As of 2017, close to 50 million people across the globe live with Alzheimer’s or another form of dementia. This number is expected to almost triple by 2050, climbing to an estimated 132 million people. However, a new report recently stated that one-third of dementia cases could be prevented through better management of lifestyle factors. The new study was published in The Lancet and conducted by the first Lancet Commission on Dementia Prevention and Care. It brought together 24 international experts to review existing dementia research and provide recommendations for treating and preventing the devastating condition.
Currently, there is no drug treatment to prevent or cure dementia. This study highlights the impact of non-drug treatments and identifies nine lifestyle factors that affect the likelihood of developing dementia. The analysis found that about 35% of dementia cases are attributable to the following lifestyle factors:
Not getting an education or staying in school over the age of 15
High blood pressure, obesity, and diabetes
Hearing loss in mid-life
Not getting physical exercise
Depression and social isolation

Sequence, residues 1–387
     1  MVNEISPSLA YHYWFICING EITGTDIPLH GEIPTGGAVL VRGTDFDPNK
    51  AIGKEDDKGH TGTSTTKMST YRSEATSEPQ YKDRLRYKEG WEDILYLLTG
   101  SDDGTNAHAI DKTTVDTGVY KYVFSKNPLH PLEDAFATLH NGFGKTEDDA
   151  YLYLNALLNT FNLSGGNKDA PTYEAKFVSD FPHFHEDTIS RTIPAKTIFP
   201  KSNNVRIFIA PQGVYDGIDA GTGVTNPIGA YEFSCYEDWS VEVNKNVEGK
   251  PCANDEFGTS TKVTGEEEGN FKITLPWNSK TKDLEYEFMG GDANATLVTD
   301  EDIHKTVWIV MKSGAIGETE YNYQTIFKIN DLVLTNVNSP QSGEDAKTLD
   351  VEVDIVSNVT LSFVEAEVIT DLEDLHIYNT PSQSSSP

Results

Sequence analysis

Theoretically, then, modifying these lifestyle choices and behavior could prevent one-third of dementia cases. There has been a great deal of focus on developing medication to prevent dementia. However, there are major advantages to considering lifestyle changes as a preventable approach to dementia. For example, if scientists were able to find a way to target the major genetic risk factor, this would only prevent 7% of cases. In contrast, making lifestyle changes could potentially prevent 35% of cases. Researchers identified the following as the most common factors to focus on for dementia prevention:
Education. Increasing education in early life could reduce the total number of dementia cases by 8% if all people worldwide continued their education until over the age of 15. Not completing secondary education could raise dementia risk by reducing what’s referred to as “cognitive reserve.” It’s believed that education and other mentally stimulating tasks help the brain strengthen its networks so it can continue to function at a higher level even if it starts to decline later in life.
Hearing loss. Reducing hearing loss in mid-life could reduce the total number of dementia cases by 9% if all people worldwide were treated. Research on the link between hearing loss and dementia is still in its early stages. It may be that the social isolation and depression caused by hearing loss is the actual link to dementia.
Smoking. If all people worldwide stopped smoking, this could reduce the total number of dementia cases by 5%. The study noted that it’s particularly important to stop smoking later in life to reduce neurotoxins and improve heart health, which in turn improves brain health.
The report aimed to offer guidance on ways to reduce the risk of dementia throughout life and improve the care for those living with dementia. Lifestyle modifications will not delay or prevent all cases of dementia, but the researchers hope that this study will shift the focus to more concrete ways to prevent dementia.